Disclaimer: I don't own Supernatural or any of the characters.
Summary: After the events of 6x20, Castiel realizes that he was wrong en he comes up with a suicidal plan to fix things by defeating Raphael on his own. When it leaves him human and with a severe stutter, it's up to Dean to forgive him and teach him how to live and to be happy.
A/N: Eventually Destiel.
What if you knew that this day, this very day, would be the last one on which you had a voice? The last day on which you were able to control your words, have them flow from your mouth and be completely in command of language?
What would you say?
Would you say goodbye to your friends and family? Tell them all the things you normally never had the courage or the eloquence for? Or would you keep your final sayings to yourself, cherishing the feeling of words, mere words, rolling from your tongue?
What would you choose?
Castiel stared at his hands. Dean, it is not broken. That was the last thing he'd said to his friend, but in the hours that had passed, doubt had crept into his mind and set up camp there. Castiel was not unfamiliar with doubt. It had been the first emotion he'd ever consciously experienced. It had led the way to rebellion, to humanity, to exile and to friendship. He owed much to doubt.
Doubt and Dean had always walked hand-in-hand together. Dean had initiated and cultivated doubt within Castiel. Perhaps because he was so connected with it himself. Dean doubted his own strength, his own worthiness and even his salvation from hell. Ironically, the only thing Dean had never doubted, until recently, was Castiel himself.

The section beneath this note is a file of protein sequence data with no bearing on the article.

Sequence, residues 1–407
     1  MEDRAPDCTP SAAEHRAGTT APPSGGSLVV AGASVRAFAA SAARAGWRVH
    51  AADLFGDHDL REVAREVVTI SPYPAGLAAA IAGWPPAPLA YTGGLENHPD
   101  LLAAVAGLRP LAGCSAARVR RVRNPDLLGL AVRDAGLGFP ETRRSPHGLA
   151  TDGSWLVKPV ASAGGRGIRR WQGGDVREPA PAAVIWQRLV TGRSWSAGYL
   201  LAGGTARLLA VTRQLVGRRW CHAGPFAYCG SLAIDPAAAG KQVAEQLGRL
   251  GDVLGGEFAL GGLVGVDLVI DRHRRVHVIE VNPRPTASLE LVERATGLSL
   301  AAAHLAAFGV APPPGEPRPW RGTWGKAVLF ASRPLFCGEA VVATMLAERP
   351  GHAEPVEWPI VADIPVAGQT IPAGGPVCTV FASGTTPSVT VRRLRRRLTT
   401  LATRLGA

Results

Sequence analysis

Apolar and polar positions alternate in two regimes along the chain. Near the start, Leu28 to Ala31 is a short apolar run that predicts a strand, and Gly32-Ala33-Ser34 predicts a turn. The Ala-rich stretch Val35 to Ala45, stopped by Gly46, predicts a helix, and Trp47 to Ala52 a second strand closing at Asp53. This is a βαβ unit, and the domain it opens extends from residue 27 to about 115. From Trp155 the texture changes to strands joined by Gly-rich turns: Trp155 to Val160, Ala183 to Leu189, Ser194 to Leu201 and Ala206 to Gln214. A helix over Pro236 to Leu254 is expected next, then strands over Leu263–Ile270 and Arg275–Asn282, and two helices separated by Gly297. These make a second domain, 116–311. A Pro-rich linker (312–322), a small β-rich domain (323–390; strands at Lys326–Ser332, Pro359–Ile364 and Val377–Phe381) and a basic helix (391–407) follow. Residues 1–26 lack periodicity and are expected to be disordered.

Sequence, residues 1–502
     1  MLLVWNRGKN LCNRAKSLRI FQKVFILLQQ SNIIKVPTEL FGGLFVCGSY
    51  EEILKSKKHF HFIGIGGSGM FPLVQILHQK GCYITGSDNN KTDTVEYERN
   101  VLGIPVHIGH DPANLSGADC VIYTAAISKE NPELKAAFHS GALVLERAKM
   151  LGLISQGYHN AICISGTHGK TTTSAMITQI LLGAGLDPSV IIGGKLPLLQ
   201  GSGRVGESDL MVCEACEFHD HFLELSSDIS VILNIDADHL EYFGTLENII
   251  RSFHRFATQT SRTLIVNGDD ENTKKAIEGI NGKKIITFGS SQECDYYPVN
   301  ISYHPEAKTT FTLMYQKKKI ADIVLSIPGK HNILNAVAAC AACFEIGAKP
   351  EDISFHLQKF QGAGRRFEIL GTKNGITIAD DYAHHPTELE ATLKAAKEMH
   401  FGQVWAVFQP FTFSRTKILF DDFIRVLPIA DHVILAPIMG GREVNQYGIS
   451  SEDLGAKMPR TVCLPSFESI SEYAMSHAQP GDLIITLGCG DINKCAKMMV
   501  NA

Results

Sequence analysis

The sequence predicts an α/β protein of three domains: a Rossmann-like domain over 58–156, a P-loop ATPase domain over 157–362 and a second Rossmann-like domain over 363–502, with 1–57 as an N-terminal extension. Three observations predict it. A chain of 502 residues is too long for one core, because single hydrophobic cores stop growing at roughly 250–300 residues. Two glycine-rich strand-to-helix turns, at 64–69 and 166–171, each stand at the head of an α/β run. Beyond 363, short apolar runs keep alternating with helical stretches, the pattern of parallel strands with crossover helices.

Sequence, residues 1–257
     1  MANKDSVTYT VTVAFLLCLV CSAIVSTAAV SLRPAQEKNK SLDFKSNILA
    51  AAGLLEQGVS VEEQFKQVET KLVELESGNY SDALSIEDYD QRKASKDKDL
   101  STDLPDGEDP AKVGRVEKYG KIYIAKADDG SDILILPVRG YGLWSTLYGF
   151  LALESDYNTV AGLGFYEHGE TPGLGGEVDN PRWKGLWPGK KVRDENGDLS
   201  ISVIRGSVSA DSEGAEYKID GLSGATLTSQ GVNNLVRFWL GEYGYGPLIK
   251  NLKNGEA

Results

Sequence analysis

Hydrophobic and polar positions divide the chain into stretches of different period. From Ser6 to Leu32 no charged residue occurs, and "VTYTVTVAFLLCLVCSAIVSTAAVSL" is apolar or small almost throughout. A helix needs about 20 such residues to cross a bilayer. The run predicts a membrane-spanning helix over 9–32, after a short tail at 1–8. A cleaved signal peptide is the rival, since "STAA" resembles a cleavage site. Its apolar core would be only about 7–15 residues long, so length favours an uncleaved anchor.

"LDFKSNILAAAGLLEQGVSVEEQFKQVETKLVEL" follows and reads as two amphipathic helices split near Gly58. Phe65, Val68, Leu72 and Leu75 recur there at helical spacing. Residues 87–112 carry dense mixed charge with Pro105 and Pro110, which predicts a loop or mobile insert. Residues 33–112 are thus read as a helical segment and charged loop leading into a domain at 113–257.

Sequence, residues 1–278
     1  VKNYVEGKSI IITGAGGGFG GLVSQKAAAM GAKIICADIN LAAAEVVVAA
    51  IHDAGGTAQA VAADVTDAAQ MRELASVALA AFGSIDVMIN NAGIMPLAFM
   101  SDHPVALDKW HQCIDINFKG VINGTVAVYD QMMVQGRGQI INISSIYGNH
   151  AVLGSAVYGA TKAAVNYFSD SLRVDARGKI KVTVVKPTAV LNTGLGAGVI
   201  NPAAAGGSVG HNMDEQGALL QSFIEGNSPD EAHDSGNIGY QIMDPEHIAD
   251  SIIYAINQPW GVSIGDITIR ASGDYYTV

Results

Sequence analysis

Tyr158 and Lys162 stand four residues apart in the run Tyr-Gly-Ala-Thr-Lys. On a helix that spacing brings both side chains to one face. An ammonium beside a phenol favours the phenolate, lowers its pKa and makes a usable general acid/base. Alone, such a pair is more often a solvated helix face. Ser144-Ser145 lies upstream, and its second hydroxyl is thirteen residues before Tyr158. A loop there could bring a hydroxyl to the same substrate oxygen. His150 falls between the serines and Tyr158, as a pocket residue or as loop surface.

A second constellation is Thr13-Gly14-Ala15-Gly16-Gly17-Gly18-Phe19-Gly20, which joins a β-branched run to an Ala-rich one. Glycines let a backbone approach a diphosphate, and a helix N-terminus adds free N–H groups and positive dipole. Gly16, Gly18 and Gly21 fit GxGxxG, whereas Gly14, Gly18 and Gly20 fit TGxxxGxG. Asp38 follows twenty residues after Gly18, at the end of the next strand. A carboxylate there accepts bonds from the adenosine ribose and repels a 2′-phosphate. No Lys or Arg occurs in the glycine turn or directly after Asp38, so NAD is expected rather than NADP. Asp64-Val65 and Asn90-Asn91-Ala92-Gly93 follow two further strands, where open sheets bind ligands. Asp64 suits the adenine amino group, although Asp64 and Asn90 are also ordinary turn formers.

It was quite possible that that realization was what changed his mind. It happened rather suddenly. After hours of hesitation, switching sides and calling to the heavens for consultation, the truth was oddly clear. It was broken. But he could fix it.
The plan itself was remarkably easy to construe. Castiel was good at strategizing and it pleased him to visit the familiar paths of ideas and consequences, without regarding emotions and all they entailed.
The ritual that could prove to be his saviour and to which his mind now wandered, was ancient. It hadn't been performed since biblical times. He had not given it much thought until this very moment, because his actions these last months had been motivated by selfishness, while this plan required the exact opposite. The power of a sacrifice had always been important in religion. Abraham had been tested by his God when challenged to slaughter his only child upon an altar. God had sent his son down to earth to die for the sins of men. The power of a willing sacrifice was immense and could be harnessed to destroy darkness. It was what Castiel needed.
Calling Raphael down to an empty warehouse would not be difficult. A simple summoning would do the trick. Raphael would not come alone, of course, but Castiel was not intending to overpower him. Instead, he would allow himself to be captured and surrendered onto Raphael's mercy. The ritual, performed prior to the archangel's arrival, would ensure that Castiel's destruction would not be in vain. Raphael would burn with him.